So it is a grim account. He is a better writer than Augustine was. Augustine was a greater thinker, but if you want a very telling and well written account, this is it, more than Augustine who sometimes is very, very wordy. He makes clear his belief that if Rome were not judged then he would doubt if there is a God. And he says, and I am quoting, “His government is his judgment.” [00:51:00]

So he was very, very vocal...[edit]

So he was very, very vocal. He indicted the Church for its failure. It had gotten rich and comfortable and no longer was faithful. And he felt the adversity would reawaken the Church. And he said, “We offend God all the more under the name of religion, because, having been {?} in religion we continue to sin. We all pursue sin with unanimity as if we were transgressing according to an extremely well planned conspiracy.”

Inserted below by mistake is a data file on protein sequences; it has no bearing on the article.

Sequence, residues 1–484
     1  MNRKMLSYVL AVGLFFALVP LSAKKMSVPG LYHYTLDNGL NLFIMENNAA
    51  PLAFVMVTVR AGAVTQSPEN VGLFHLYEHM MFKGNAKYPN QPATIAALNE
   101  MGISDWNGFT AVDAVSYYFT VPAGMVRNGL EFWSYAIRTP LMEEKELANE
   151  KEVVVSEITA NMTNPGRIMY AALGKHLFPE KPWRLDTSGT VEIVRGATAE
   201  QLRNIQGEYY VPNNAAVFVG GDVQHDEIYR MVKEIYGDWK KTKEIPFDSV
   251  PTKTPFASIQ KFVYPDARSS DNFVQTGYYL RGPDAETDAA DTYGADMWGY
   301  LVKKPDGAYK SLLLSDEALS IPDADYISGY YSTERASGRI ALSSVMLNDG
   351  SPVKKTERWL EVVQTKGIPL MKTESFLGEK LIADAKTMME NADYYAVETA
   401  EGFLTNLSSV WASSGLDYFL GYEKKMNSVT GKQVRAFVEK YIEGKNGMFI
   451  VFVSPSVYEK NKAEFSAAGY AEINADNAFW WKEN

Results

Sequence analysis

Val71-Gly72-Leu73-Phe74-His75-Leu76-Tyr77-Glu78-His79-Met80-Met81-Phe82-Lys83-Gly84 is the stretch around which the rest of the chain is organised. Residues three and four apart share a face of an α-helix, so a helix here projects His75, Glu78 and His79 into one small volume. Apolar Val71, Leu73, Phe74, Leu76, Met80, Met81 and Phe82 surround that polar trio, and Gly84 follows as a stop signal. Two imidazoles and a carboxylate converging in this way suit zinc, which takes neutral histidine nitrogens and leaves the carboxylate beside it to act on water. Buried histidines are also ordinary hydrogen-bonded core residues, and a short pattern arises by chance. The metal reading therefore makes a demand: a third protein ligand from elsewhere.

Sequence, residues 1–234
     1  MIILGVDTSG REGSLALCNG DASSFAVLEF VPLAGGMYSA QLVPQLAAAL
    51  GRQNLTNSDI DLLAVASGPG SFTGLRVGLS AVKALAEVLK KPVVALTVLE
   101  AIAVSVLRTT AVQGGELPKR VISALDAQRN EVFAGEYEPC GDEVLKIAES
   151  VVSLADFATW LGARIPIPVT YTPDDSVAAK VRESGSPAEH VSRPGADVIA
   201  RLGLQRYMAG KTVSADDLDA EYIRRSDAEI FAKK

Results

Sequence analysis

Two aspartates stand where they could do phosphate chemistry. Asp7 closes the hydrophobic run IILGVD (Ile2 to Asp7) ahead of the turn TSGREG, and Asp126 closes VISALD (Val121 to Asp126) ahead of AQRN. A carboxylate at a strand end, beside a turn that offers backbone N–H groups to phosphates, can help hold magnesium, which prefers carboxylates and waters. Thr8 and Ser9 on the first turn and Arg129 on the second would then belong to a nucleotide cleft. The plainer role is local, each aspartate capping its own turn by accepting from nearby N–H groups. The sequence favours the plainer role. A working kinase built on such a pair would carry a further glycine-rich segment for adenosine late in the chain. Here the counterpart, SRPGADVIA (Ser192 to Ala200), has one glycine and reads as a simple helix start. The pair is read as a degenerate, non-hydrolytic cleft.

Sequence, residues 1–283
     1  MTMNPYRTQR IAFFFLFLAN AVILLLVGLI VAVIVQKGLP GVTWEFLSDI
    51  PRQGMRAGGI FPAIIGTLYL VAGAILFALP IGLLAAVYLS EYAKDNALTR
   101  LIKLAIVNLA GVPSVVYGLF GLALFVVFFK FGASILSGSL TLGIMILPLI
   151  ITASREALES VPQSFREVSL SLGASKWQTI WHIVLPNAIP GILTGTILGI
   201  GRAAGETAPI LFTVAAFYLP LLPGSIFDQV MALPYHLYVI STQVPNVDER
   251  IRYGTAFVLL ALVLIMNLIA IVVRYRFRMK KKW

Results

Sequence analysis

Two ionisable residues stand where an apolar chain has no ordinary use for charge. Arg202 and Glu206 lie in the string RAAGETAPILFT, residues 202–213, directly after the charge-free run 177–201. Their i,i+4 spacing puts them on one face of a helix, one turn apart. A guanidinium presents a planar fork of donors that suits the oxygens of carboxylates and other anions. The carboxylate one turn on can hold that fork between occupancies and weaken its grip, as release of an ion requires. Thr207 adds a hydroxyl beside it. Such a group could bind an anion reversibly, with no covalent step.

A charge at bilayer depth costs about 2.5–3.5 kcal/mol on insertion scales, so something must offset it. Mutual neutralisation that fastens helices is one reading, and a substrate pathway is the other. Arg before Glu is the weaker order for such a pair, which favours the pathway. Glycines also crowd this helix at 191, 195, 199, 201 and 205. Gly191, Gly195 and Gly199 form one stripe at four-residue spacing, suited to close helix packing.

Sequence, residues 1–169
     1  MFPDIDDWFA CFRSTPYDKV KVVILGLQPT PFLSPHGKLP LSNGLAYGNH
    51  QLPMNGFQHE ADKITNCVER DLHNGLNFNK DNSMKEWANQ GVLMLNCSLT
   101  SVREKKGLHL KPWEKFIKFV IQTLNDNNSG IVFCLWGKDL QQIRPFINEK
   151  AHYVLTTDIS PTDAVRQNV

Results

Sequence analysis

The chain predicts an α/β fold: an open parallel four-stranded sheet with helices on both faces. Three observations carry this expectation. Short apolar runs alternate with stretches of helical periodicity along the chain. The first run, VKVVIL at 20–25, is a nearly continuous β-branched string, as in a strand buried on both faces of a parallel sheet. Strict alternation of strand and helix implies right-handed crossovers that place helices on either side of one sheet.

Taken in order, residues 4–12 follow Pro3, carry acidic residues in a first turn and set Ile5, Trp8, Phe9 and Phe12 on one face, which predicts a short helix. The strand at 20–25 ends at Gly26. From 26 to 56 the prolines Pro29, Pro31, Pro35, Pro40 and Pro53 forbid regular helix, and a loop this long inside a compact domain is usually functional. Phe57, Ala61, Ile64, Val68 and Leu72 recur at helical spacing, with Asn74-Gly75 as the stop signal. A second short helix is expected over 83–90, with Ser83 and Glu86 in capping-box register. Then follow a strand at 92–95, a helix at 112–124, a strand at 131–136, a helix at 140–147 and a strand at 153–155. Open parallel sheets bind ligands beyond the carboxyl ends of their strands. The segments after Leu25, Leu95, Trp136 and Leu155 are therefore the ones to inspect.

Antinomianism had set in. And they were doing as they pleased and calling themselves Christians.

So I do urge people to try to locate Salvian and read him.

[Voice] He really is warning us today of where we are going.

[Rushdoony] Yes. I had an eerie feeling all the way through reading this book which I read in 1964. I realized the parallel was a very real one.

[Voice] Rush, what is your [?] observation and comments on Gibbons’ The Rise and Fall of the Roman Empire?

[Rushdoony] Gibbons was a Rationalist to the core. He was an unbeliever, although briefly he was a Catholic. But it was more the appeal of the liturgy and the order rather than any real thinking on the subject. He was totally ignorant about philosophy and theology. So he is trivial when it comes to the theological and philosophical issues that faced Rome in its latter days.

He idealizes the early empire. The remarkable thing about Gibbons’ book is that he mastered all the imperial reigns and the battles and this and that, but history is not written that way anymore. A great deal more emphasis has, in recent years, been given to the economic side of events rather than the political. [00:54:05]

So it is a weak book in that respect, but a classic...[edit]

So it is a weak book in that respect, but a classic in terms of the prodigious scholarship that went into it, prodigious but limited.

Well, our time is nearly over. Thank you all for listening and God bless you.